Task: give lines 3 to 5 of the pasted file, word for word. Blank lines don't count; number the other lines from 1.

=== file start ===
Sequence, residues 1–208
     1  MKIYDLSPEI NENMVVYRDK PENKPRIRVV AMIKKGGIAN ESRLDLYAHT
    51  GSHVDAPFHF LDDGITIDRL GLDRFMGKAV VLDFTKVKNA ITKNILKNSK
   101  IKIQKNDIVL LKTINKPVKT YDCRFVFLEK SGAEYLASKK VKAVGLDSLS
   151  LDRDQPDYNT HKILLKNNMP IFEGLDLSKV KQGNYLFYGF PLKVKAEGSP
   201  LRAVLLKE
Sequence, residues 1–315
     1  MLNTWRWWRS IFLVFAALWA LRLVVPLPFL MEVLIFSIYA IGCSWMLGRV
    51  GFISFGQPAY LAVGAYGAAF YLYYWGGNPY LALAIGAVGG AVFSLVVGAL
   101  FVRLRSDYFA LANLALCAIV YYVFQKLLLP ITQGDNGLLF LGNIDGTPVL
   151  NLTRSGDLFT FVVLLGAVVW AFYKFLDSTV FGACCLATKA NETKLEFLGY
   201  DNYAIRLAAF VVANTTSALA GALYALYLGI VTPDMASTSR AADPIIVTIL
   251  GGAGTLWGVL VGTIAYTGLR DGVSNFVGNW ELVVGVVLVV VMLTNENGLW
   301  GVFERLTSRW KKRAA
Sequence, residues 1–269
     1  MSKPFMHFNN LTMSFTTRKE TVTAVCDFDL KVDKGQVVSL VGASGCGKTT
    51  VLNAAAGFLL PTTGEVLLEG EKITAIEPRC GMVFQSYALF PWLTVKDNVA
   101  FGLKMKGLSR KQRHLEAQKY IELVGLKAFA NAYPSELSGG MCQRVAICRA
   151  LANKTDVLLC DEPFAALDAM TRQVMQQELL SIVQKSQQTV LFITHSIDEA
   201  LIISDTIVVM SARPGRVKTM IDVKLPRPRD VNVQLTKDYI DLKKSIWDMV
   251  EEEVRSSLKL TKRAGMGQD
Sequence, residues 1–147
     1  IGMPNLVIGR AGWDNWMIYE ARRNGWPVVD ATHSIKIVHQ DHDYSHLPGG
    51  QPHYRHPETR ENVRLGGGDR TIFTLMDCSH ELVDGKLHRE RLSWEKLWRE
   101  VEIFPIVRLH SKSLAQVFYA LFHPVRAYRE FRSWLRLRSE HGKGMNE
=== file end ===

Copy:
    51  GSHVDAPFHF LDDGITIDRL GLDRFMGKAV VLDFTKVKNA ITKNILKNSK
   101  IKIQKNDIVL LKTINKPVKT YDCRFVFLEK SGAEYLASKK VKAVGLDSLS
   151  LDRDQPDYNT HKILLKNNMP IFEGLDLSKV KQGNYLFYGF PLKVKAEGSP